The African Party for the Independence of Guinea-Bissau and Cape Verde (another Portuguese colony) was founded in 1956, and guerrilla warfare by nationalists grew increasingly effective. By 1974 the rebels controlled most of the countryside, where they formed a government that was soon recognized by scores of countries. The military coup in Portugal in April 1974 brightened the prospects for freedom, and in August the Lisbon government signed an agreement granting independence to the province. The new republic took the name Guinea-Bissau.

Guinea-Bissau Experiences a Series of Coups

In Nov. 1980, João Bernardo Vieira headed a military coup that deposed Luis Cabral, president since 1974. In his 19 years of rule, Vieira was criticized for crony capitalism and corruption and for failing to alleviate the poverty of Guinea-Bissau, one of the world's poorest countries. Vieira also brought in troops from Senegal and the Republic of Guinea to help fight against an insurgency movement, a highly unpopular act. In May 1999 rebels deposed Vieira.

Following a period of military rule, Kumba Yalá, a former teacher and popular leader of Guinea-Bissau's independence movement, was elected president in 2000. In Sept. 2003 he was deposed in a military coup. Yalá's increasingly repressive measures and refusal to hold elections were cited as causes. In 2005, former president Vieira returned from six years of exile in Portugal and won the presidency in the July 2005 elections.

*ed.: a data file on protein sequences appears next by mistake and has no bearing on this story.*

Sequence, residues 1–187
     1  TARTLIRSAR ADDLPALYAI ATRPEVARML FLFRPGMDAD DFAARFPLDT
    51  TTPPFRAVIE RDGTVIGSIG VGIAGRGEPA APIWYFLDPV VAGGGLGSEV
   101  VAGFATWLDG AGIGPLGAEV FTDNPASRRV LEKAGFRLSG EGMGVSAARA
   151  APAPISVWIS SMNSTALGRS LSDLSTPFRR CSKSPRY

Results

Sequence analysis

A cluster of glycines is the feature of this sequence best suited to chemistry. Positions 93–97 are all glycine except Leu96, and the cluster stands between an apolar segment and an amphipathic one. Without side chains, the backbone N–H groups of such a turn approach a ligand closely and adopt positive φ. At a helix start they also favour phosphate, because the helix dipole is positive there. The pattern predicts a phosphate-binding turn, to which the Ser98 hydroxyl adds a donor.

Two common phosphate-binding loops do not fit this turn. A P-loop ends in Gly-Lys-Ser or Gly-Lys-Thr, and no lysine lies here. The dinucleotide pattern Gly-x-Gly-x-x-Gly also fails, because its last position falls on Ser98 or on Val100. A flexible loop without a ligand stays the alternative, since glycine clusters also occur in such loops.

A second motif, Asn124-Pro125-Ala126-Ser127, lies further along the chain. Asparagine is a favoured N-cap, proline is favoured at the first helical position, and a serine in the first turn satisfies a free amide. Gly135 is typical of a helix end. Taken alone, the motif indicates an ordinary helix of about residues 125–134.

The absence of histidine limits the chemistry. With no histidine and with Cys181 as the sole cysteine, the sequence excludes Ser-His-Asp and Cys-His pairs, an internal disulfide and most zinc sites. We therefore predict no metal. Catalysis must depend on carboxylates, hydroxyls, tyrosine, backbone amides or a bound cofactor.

Prime Minister Aristides Gomes resigned in April 2007, after Parliament voted to censure his government. Martinho Ndafa Kabi was appointed as his successor. President Vieira dissolved Parliament in August 2008, precipitating the fall of the government of Prime Minister Kabi. Former prime minister Carlos Gomes Júnior succeeded Kabi.

A Presidential Assassination, A Death, and A Coup

President Vieira was shot to death by army troops in March 2009. The assassination was said to be in retaliation for an earlier bomb attack that killed the army chief of staff, Gen. Batista Tagme Na Wai, which troops blamed on the president. The military denied a coup attempt.

In June presidential elections, former acting president Malam Bacai Sanha took 39.6% of the vote, former president Kumba Iala 29.4%, former interim president Henrique Rosa 24%, and Iaya Djalo 3.1%. Sanha prevailed over Iala in the July run-off election, winning 63% of the vote.

In Jan. 2012, Sanha died unexpectedly, leaving Guinea-Bissau leaderless. Acting president Raimundo Pereira and acting prime minister Adiato Diallo Nandigna were removed in a coup on April 12. A transition president, who may rule up to 2 years, was announced on April 20: Manuel Serifo Nhamadjo, who came in third place in the first round of the presidential election in March. He named Rui Duarte de Barros to be transitional prime minister. The National Transition Council, which will oversee the transition, will be headed by Braima Sori Djalo. Six weeks after the coup, the military junta returned power to the civilian government.

See also Encyclopedia: Guinea-Bissau.
U.S. State Dept. Country Notes: Guinea-Bissau